Africa’s Antiseptic Plants

Many plants found on the African continent contain powerful antiseptic properties or other healing properties that can treat a range of illnesses. Typically these plants are more affordable and safer than pharmaceuticals with equivalent effects.

Elephant’s Food (Portulacaria afra Jacq.)

Elephant's Food

Image by Frank Vincentz (CC BY-SA 3.0)

This pretty evergreen succulent occurs naturally on rocky slopes in the Karoo. The leaves of Elephant’s Food (also known colloquially as porkbush) can be eaten off the branch, and have a sour flavour. The juices of its succulent leaves are used as an antiseptic and also as a moisturising treatment for sunburn. Some also chew the leaves as a treatment for throat and mouth infections.

Buchu (Agathosma betulina)

Buchu

Image by Buchulife

Buchu is a fragrant shrub that grows up to a height of 2 metres. The glands that dot the plant’s small, round leaves contain the essential oil of the plant, which is used as both an antiseptic and a diuretic. One of the earliest uses of this plant as medicine was as boegoebrandewyn, or buchu brandy; the plant was steeped in vinegar and the distilled result was used by many a colonial doctor. Today, Buchu is commercially cultivated and used in flavoured buchu water, anti-inflammatory capsules and topical gels and antiseptic ointments.

African Sage (Salvia africana-caerulea)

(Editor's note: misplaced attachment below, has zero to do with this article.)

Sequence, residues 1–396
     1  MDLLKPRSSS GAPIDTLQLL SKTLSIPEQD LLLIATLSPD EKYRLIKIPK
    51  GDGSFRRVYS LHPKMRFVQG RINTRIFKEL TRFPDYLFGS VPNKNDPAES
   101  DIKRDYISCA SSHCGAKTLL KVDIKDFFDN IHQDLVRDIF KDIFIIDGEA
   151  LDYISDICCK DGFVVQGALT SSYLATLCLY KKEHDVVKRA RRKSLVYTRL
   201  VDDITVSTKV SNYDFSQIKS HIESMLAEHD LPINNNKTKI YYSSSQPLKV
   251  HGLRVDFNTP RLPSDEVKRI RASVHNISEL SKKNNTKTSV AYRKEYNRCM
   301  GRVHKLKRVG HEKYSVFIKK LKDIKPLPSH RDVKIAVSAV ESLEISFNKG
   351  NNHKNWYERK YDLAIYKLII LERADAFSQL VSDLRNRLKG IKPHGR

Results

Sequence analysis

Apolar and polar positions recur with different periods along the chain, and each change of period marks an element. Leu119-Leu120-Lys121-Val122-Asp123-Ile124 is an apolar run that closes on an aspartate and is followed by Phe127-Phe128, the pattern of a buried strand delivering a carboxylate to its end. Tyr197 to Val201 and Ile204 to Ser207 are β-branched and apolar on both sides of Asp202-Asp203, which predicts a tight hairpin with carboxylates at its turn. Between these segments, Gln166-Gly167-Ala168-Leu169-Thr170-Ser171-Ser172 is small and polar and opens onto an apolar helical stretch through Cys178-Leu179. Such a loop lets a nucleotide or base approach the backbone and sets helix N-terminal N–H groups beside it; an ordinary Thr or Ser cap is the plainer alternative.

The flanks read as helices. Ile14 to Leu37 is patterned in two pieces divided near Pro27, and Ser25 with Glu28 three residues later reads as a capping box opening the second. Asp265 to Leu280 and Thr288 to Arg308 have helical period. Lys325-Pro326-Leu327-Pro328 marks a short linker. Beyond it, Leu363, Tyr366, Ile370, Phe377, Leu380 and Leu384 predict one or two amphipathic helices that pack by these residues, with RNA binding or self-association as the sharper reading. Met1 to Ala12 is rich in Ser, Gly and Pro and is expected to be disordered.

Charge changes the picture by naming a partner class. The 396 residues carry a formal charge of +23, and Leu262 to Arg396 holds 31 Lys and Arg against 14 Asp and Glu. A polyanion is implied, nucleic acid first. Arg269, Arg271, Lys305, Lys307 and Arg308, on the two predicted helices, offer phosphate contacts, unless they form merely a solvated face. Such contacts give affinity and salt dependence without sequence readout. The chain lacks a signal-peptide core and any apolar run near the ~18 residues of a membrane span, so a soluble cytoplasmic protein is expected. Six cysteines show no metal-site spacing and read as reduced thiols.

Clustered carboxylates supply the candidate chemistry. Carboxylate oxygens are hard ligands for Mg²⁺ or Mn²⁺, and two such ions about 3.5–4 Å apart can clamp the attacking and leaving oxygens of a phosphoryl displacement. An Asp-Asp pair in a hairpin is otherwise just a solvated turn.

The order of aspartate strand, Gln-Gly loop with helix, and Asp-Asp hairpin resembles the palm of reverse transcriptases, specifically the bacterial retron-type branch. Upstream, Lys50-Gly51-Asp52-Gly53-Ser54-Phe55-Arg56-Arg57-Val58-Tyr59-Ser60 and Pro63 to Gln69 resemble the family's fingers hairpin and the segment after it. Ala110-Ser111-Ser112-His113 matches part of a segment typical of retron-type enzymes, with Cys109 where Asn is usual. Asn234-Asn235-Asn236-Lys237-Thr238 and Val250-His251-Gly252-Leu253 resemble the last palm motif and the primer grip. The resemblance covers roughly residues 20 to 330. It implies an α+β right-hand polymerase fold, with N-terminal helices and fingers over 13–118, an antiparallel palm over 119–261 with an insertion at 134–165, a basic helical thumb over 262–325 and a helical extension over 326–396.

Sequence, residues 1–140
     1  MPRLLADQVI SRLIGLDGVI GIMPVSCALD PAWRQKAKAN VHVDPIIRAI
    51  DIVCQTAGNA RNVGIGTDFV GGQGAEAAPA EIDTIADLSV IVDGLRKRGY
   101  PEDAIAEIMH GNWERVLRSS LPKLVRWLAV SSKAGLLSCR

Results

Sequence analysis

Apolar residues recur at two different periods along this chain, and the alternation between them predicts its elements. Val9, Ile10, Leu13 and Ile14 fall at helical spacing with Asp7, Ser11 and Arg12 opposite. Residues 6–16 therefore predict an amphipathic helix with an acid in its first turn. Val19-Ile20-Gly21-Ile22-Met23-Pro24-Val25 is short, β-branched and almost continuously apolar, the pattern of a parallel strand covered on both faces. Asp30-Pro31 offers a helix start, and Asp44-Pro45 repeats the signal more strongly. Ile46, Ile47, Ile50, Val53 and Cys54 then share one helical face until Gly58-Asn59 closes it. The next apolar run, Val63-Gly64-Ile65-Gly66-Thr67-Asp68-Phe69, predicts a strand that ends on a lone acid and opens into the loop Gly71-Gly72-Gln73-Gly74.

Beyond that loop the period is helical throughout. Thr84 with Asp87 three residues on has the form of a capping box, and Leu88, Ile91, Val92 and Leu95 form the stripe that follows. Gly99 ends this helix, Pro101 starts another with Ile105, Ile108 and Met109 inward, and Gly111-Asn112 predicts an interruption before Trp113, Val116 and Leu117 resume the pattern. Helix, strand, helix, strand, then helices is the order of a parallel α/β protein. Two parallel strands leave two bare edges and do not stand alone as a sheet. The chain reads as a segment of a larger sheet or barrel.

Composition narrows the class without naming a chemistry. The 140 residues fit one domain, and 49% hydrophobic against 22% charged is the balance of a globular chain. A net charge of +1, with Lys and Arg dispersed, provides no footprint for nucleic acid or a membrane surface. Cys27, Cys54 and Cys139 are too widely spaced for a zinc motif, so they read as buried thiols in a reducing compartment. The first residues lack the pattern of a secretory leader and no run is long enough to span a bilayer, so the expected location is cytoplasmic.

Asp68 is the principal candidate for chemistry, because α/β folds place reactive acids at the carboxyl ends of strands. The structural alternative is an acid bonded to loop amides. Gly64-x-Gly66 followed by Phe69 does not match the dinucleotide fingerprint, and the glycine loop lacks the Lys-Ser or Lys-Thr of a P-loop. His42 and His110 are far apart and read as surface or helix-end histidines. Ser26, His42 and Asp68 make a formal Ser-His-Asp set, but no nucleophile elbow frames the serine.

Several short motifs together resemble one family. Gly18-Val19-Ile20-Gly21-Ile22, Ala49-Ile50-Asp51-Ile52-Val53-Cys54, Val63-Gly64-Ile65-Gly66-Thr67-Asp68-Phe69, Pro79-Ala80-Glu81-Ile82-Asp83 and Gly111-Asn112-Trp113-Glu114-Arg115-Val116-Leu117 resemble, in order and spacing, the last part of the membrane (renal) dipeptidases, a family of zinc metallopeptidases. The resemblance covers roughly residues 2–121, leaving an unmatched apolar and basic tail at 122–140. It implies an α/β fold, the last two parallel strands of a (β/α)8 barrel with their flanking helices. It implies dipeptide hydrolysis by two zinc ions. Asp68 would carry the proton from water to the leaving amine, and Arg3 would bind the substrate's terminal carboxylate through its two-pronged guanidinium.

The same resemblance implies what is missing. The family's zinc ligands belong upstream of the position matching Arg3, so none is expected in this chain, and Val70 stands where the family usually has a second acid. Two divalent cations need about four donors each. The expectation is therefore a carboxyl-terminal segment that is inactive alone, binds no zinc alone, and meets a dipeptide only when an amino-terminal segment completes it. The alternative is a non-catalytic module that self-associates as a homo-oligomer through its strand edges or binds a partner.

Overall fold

African Sage

Image by Stan Shebs (CC BY-SA 3.0)

Plants in the Salvia family have long been used by the people of Africa, for both medicinal and culinary purposes. A tea made by mixing the leaves of Salvia africana-caerulea with Epsom salts and lemon juice was used by early settlers in southern Africa as a treatment for stomach trouble, including colic, diarrhoea, heartburn, indigestion and flatulence.

Ivy-leaf Geranium (Pelargonium peltatum)

Ivy-leaf Geranium

Image by Stickpen (PD)

The leaf-juice of this attractive plant, which is native to southern Africa, is both an antiseptic and astringent: a substance that shrinks or constricts bodily tissues. This has applications in dermatology – people suffering from oily skin or acne are often prescribed an astringent. However, the ivy-leaf geranium is used primarily to treat throat infections and ulceration of the oral mucosa.

Ibonya (Melianthus comosus)

Ibonya

Image by Stan Shebs (CC BY-SA 3.0)

Infusions made from the thin leaves of the Ibonya plant are used as lotions to treat sores, ulcers, bruises and swellings. It’s also possible to make a paste from the crushed leaves of the Ibonya, or an ointment from its bark. Traditionally, the Xhosa people used the root of the plant as a prophylactic treatment for snake bites.

Elands Sourfig (Carpobrotus acinaciformis)

Elands Sourfig

Image by Peter A Mensfeld (CC BY 3.0)

The Elands Sourfig, widely known just as sour fig, is a succulent perennial with pinkish purple flowers that’s native to South Africa’s Western Cape. The juice from the succulent leaves can be mixed with water and used to treat stomach complaints or gargled to treat throat or mouth infections. Juice from the leaves is also effective for soothing stings and skin irritation.

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